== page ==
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Four Days in Bolivia – What Kitzi’s Seen So Far


After arriving safely in Bolivia, our newest missioners started their Spanish-immersion classes at the Maryknoll Language Institute yesterday. In her first blog post abroad, Kitzi Hendricks summarized her observations so far. 

As is common with new arrivals overseas, many of her observations are general and are from an outsider’s view. Her understanding and appreciation of the Bolivian culture will deepen during the next two years as she journeys with the people. 

Kitzi dancing to traditional Bolivian music with her host family and neighbors in Cochabamba

Here’s what I’ve learned so far in Cochabamba:

1. Cows use the streets along with cars. They also reside in stables that have no fences and are about two feet from some of the busiest streets

2. I don’t know if there are any rules for driving here…if there are, there aren’t many. Drivers use their horns for everything. Nobody has the right of way. The roads don’t make sense at all. I don’t think there are any speed limits. There are no seatbelts.

3. Dogs sit in the middle of the street even when cars are coming. The cars avoid the dogs.

4. Bolivians LOVE their instant coffee.

5. Bolivians ALWAYS eat. I can’t even tell you the number of times that I’ve said “Estoy bien, gracias” y “Estoy lleno (I am full)” and pointed to my stomach. The food is amazing, but there’s only so much I can fit in my stomach! My host grandparents ask me multiple times, say “Servite”, and put the food in front of me. I usually abide for the first few times and then gratefully decline with a smile and a full stomach.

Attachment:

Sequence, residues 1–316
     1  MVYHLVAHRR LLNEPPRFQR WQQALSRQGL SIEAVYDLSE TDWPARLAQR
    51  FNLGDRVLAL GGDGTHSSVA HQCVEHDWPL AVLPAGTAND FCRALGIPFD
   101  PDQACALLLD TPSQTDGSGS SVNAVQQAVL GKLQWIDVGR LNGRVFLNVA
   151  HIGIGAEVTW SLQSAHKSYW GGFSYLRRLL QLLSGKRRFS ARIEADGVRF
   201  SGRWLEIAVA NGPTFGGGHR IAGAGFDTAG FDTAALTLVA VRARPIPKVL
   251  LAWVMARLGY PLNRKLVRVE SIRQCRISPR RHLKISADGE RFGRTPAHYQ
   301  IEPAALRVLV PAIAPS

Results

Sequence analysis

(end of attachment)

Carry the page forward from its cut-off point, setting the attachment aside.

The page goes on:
6. Llamas ride in boxes on top of cars. I’ll try to get a picture of it next time I see a car with llamas on the roof.

7. Besides in some showers, there is no hot water in Bolivia. The hot water in my shower, along with the showers of others, is powered by electricity.

8. Bolivians LOVE their Coca-Cola. I don’t think I’ve ever had so much soda in my life as I have in the past three days. Luckily, the Coca-Cola here tastes so much better than in the states because of the real sugar!

9. We have parrots here!

10. The fruit juice is unbelievable—peach juice, orange juice, mango juice. You name it. So wonderful. There’s a fruit called Tumbo, that makes a really great fruit drink…my host dad Raul made it for lunch today.

11. Whenever you say goodbye, you say “Chao.” Never adios.

12. Greetings always include at least one kiss on the cheek. I’ve learned that if you shake a person’s hand, you kiss the left cheek once. If you give a hug, you give a kiss on the cheek as you go in for the hug and one as you go out of the hug.

To read more about Kitzi’s mission, visit her blog Trials and Triumphs of a Songwriter…Serving in Bolivia

Kitzi served as a lay missioner in Cochabamba, Bolivia from 2012-2014. During her three years on mission she worked with teenage girls at the Madre de Dios shelter and at the Instituto de Terapia e Investigación (Institute of Therapy and Investigation) to accompany people who had experienced torture under the Bolivian dictatorships. Originally from Northern California, Kitzi is a graduate of St. Francis High School in Sacramento and Creighton University in Omaha, Nebraska, where she earned a bachelor's in psychology in 2011. She is currently in graduate school at Santa Clara University.